A 2013 review, sponsored by the Canola Council of Canada and the U.S. Canola Association, concluded there was a substantial reduction in total cholesterol and low-density lipoprotein (LDL) cholesterol, and an increase in tocopherol levels and improved insulin sensitivity, compared with other sources of dietary fat. A 2014 review of health effects from consuming plant oils rich in alpha-linolenic acid, including canola, stated that there was moderate benefit for lower risk of cardiovascular diseases, bone fractures, and type-2 diabetes.
|Compound||Family||% of total|
|Alpha-linolenic acid||ω-3||11% 9%|
|Saturated fatty acids||7%|
|Erucic acid||0.01% <0.1%|
Regarding individual components, canola oil is low in saturated fat and contains both omega-6 and omega-3 fatty acids in a ratio of 2:1. It is high in monounsaturated fats, which may decrease the risk of heart disease.
Although wild rapeseed oil contains significant amounts of erucic acid, the cultivars used to produce commercial, food-grade canola oil were bred to contain less than 2% erucic acid, an amount deemed not significant as a health risk. To date, no health effects have been associated with dietary consumption of erucic acid by humans; but tests of erucic acid metabolism in other species imply that higher levels may be detrimental.:646–657 Canola oil produced using genetically modified plants has also not been shown to explicitly produce adverse effects.
The erucic acid content in canola oil has been reduced over the years. In western Canada, a reduction occurred from the average content of 0.5% between 1987 and 1996 to a current content of 0.01% from 2008 to 2015. Other reports also show a content lower than 0.1% in Australia and Brazil.
Comparison to other vegetable oils
|Almond oil||216 °C (421 °F)|
|Avocado||11.6||70.6||52-66||13.5||1||12.5||12.5:1||250 °C (482 °F)|
|Brazil nut||24.8||32.7||31.3||42.0||0.1||41.9||419:1||208 °C (406 °F)|
|Canola||7.4||63.3||61.8||28.1||9.1||18.6||2:1||238 °C (460 °F)|
|Cocoa butter oil|
|Coconut||82.5||6.3||6||1.7||175 °C (347 °F)|
|Corn||12.9||27.6||27.3||54.7||1||58||58:1||232 °C (450 °F)|
|Cottonseed||25.9||17.8||19||51.9||1||54||54:1||216 °C (420 °F)|
|Flaxseed/Linseed||9.0||18.4||18||67.8||53||13||0.2:1||107 °C (225 °F)|
|Grape seed||10.5||14.3||14.3||74.7||-||74.7||very high||216 °C (421 °F)|
|Hemp seed||7.0||9.0||9.0||82.0||22.0||54.0||2.5:1||166 °C (330 °F)|
|Olive||13.8||73.0||71.3||10.5||0.7||9.8||14:1||193 °C (380 °F)|
|Palm||49.3||37.0||40||9.3||0.2||9.1||45.5:1||235 °C (455 °F)|
|Peanut||20.3||48.1||46.5||31.5||0||31.4||very high||232 °C (450 °F)|
|Rice bran oil||232 °C (450 °F)|
|Safflower||7.5||75.2||75.2||12.8||0||12.8||very high||212 °C (414 °F)|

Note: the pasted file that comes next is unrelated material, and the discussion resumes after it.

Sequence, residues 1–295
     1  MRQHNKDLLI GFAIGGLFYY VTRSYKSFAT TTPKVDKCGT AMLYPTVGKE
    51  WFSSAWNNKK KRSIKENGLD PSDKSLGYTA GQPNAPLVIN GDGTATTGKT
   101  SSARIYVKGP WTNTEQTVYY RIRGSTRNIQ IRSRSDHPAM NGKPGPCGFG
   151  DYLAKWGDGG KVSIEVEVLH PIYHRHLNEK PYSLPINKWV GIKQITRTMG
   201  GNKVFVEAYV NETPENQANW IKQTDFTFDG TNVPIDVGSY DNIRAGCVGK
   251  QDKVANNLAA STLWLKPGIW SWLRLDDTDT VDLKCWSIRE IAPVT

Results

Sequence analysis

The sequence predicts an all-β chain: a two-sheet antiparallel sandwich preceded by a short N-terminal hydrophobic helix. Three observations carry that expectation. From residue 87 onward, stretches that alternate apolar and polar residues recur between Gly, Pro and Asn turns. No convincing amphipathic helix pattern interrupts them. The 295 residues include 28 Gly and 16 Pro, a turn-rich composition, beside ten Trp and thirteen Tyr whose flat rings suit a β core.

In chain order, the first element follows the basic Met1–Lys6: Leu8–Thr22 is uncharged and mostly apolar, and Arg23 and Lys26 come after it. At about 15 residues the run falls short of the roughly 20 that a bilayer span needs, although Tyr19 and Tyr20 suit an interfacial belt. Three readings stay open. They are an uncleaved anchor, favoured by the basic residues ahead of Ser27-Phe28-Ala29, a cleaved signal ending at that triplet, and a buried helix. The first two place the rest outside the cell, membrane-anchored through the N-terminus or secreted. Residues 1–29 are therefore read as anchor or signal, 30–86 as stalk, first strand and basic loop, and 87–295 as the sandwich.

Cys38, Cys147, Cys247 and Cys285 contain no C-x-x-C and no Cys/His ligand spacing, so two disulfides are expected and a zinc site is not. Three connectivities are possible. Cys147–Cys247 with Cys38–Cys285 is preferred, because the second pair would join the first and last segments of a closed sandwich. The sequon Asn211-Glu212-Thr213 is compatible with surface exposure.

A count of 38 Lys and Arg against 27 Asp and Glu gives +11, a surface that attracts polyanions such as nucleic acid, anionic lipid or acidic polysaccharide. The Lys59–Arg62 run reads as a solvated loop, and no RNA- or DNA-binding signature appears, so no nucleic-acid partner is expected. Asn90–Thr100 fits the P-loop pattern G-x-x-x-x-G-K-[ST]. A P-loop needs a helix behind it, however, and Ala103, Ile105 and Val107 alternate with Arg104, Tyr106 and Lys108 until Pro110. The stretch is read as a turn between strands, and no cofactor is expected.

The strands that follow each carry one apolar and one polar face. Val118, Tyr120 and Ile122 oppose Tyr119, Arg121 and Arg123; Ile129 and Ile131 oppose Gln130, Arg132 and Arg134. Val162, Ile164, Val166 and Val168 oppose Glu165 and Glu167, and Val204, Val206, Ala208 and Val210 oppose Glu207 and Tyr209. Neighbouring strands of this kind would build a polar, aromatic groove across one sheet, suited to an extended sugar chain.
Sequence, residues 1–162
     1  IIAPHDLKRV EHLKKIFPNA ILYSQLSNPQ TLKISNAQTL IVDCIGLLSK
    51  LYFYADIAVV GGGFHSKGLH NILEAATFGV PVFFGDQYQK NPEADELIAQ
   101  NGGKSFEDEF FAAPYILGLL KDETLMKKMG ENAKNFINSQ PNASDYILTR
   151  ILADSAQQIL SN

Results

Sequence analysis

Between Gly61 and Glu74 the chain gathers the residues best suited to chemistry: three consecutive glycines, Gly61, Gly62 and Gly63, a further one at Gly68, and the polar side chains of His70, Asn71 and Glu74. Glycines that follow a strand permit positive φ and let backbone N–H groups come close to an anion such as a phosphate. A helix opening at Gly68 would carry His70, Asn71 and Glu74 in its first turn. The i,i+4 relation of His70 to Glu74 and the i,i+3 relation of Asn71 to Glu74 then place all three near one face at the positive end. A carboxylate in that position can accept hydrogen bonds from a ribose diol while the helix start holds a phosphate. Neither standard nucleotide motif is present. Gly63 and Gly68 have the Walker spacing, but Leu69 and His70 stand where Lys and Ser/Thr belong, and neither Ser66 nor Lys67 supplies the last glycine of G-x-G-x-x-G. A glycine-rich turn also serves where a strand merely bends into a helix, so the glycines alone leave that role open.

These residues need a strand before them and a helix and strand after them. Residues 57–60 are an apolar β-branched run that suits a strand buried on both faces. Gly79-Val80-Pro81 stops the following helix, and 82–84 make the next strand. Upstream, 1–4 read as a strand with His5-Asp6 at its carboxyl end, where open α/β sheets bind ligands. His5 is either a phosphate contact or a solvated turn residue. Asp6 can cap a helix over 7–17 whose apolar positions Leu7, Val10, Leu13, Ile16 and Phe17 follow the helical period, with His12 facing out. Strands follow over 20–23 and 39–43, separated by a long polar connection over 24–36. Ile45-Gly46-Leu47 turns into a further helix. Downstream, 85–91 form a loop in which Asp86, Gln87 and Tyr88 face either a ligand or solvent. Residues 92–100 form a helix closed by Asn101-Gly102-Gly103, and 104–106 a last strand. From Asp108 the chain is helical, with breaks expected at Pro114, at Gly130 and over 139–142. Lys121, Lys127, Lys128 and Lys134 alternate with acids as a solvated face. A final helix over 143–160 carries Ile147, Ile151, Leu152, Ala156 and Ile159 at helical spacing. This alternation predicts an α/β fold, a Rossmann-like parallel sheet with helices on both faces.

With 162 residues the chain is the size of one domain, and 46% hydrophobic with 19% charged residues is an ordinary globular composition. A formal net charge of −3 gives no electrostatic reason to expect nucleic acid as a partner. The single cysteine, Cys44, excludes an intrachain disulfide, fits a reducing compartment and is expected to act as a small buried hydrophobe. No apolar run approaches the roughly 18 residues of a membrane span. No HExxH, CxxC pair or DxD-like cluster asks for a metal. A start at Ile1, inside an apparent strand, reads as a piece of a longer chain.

|Soybean||15.6||22.8||22.6||57.7||7||51||7.3:1||238 °C (460 °F)|
|Walnut oil||unrefined||9.1||22.8||22.2||63.3||10.4||52.9||5:1||160 °C (320 °F)|
|Sunflower (standard)||10.3||19.5||19.5||65.7||0||65.7||very high||227 °C (440 °F)|
|Sunflower (< 60% linoleic)||10.1||45.4||45.3||40.1||0.2||39.8||199:1|
|Sunflower (> 70% oleic)||9.9||83.7||82.6||3.8||0.2||3.6||18:1||232 °C (450 °F)|
|The nutritional values are expressed as percent (%) by mass of total fat.|
- "What Is Canola?". Canola Council of Canada. Canola Council of Canada. Archived from the original on 18 June 2017. Retrieved 18 August 2017.
- Snowdon R et al. "Oilseed Rape". Chapter 2 in Genome Mapping and Molecular Breeding in Plants: OIlseeds. Ed, Chittaranjan Kole. Springer, 2007
- Fan, Liuping; Eskin, N.A. Michael. "Handbook of Antioxidants for Food Preservation". Science Direct. Woodhead Publishing Series in Food Science, Technology and Nutrition. Retrieved 6 April 2021.
- "Richard Keith Downey: Genetics". science.ca. 2007. Retrieved 29 December 2008.
- Pederson, Anne-marie; Storgaard, AK (15 December 2015). "Baldur Rosmund Stefansson". The Canadian Encyclopedia. Retrieved 4 September 2019.
- Barthet, V. "Canola". The Canadian Encyclopedia. Retrieved 29 December 2008.
- Wrigley CW, Corke H, Seetharaman K, Faubion J (17 December 2015). Encyclopedia of Food Grains. Academic Press. p. 238. ISBN 978-1785397622.
- Canola Council of Canada (2016). "What is Canola?". Retrieved 16 December 2013.
- "Has canola become a generic trademark?". genericides.org. Retrieved 13 May 2021.
- Beckie, Hugh et al (Autumn 2011) GM Canola: The Canadian Experience Archived 4 April 2016 at the Wayback Machine Farm Policy Journal, Volume 8 Number 8, Autumn Quarter 2011. Retrieved 20 August 2012
- Johnson, Stanley R. et al Quantification of the Impacts on US Agriculture of Biotechnology-Derived Crops Planted in 2006 National Center for Food and Agricultural Policy, Washington DC, February 2008. Retrieved 12 August 2010.